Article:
Name of the Sacrament
The name Extreme Unction did not become technical in the West till towards the end of the twelfth century, and has never become current in the East. Some theologians would explain its origin on the ground that this unction was regarded as the last in order of the sacramental or quasi-sacramental unctions, being preceded by those of baptism, confirmation, and Holy orders; but, having regard to the conditions prevailing at the time when the name was introduced, it is much more probable that it was intended originally to mean "the unction of those in extremis", i.e. of the dying, especially as the corresponding name, sacramentum exeuntium , came into common use during the same period.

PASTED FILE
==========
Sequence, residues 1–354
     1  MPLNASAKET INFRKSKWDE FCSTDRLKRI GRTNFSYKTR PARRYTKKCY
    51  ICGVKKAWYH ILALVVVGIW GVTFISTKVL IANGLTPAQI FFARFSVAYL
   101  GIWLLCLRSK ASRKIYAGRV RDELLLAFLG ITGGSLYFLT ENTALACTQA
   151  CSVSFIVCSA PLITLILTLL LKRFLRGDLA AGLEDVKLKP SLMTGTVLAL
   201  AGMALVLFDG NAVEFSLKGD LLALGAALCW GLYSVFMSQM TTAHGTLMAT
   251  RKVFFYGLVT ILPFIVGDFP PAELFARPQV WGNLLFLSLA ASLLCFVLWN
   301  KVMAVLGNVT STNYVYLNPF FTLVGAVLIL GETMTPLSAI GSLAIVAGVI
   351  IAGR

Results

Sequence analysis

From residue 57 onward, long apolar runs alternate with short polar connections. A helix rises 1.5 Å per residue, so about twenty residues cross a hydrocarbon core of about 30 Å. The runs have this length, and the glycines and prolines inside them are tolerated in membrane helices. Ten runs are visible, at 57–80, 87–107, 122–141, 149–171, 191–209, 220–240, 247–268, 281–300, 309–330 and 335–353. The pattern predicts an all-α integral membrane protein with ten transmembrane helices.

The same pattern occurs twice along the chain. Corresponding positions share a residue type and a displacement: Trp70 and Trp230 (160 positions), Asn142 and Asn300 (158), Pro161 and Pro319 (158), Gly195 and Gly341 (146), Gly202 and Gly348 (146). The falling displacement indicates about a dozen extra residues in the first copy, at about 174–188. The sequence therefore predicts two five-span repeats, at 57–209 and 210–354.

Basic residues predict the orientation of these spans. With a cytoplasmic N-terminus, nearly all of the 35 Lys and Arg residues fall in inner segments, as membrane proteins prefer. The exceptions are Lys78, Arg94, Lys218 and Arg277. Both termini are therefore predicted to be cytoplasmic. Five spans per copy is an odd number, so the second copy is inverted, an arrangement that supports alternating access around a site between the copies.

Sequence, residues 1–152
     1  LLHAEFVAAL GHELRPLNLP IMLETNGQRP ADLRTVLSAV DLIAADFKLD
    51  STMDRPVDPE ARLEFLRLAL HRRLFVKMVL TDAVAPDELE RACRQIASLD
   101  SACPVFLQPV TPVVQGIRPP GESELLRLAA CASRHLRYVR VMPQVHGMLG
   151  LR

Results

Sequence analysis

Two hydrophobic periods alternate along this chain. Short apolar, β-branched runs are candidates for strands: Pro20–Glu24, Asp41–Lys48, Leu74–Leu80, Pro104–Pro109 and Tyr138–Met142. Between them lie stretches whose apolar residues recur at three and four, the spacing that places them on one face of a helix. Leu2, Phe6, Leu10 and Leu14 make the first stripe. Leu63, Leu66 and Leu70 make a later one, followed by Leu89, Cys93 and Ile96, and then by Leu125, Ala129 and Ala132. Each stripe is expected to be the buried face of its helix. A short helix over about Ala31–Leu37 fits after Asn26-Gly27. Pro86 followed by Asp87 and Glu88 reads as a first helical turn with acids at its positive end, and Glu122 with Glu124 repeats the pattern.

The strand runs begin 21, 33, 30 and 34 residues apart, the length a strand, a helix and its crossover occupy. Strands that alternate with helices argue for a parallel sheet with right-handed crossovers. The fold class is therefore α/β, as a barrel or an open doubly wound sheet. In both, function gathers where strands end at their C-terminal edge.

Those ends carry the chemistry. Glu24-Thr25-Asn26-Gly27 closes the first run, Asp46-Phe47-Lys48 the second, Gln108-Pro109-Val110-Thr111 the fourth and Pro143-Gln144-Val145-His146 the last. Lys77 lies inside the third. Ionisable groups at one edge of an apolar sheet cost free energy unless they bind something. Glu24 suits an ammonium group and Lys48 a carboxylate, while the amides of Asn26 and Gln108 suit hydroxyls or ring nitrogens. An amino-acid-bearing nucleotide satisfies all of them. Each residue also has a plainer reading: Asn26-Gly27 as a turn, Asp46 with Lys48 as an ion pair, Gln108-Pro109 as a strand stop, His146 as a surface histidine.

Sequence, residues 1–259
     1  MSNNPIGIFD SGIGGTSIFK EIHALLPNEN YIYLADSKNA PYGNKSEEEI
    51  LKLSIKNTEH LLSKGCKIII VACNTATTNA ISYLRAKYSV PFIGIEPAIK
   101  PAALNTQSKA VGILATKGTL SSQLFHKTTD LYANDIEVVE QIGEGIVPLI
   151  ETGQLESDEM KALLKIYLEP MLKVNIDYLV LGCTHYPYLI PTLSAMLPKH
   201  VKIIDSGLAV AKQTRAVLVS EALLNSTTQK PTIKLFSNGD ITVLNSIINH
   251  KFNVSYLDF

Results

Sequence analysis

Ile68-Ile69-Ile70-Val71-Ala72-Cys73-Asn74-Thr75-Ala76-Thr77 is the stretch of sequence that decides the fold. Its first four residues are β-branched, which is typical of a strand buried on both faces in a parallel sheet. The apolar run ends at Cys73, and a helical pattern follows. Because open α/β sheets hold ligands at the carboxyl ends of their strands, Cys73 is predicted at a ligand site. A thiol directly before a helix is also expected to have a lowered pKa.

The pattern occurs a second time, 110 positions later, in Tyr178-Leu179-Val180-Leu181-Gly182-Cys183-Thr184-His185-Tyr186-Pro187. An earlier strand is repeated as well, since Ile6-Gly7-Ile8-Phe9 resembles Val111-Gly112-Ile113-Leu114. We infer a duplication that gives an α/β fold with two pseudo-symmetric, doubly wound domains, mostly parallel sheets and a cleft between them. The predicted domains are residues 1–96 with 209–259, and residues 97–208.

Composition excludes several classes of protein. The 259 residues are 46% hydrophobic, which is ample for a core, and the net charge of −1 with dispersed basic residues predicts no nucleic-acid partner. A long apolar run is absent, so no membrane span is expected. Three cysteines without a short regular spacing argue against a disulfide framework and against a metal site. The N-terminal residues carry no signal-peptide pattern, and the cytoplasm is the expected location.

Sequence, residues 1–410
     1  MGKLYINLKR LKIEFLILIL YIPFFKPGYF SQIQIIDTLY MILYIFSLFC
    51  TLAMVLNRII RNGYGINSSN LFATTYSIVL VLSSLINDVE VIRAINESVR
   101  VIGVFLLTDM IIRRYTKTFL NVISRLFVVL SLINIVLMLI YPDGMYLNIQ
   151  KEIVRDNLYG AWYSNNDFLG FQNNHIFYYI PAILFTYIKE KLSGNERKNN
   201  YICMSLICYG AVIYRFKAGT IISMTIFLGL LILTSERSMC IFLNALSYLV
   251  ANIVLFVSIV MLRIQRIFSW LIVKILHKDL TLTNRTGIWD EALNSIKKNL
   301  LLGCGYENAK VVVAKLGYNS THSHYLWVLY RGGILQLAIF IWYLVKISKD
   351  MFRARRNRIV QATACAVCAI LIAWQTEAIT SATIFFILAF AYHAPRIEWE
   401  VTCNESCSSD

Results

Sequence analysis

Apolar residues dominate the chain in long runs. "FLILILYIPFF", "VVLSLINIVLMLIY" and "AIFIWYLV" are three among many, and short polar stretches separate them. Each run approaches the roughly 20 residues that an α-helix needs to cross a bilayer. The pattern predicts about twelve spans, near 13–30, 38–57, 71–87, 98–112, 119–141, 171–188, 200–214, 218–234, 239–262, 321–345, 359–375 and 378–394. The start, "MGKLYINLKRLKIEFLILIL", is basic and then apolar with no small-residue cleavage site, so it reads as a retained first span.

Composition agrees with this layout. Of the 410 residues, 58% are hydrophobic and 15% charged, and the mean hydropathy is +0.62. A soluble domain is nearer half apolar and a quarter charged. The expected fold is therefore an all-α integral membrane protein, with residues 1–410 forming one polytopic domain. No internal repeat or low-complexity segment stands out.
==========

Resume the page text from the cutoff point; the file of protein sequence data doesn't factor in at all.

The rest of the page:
In previous ages the sacrament was known by a variety of names, e.g., the holy oil, or unction, of the sick; the unction or blessing of consecrated oil; the unction of God; the office of the unction; etc. In the Eastern Church the later technical name is euchelaion (i.e. prayer-oil); but other names have been and still are in use, e.g. elaion hagion (holy), or hegismenon (consecrated), elaion, elaiou Chrisis, chrisma, etc.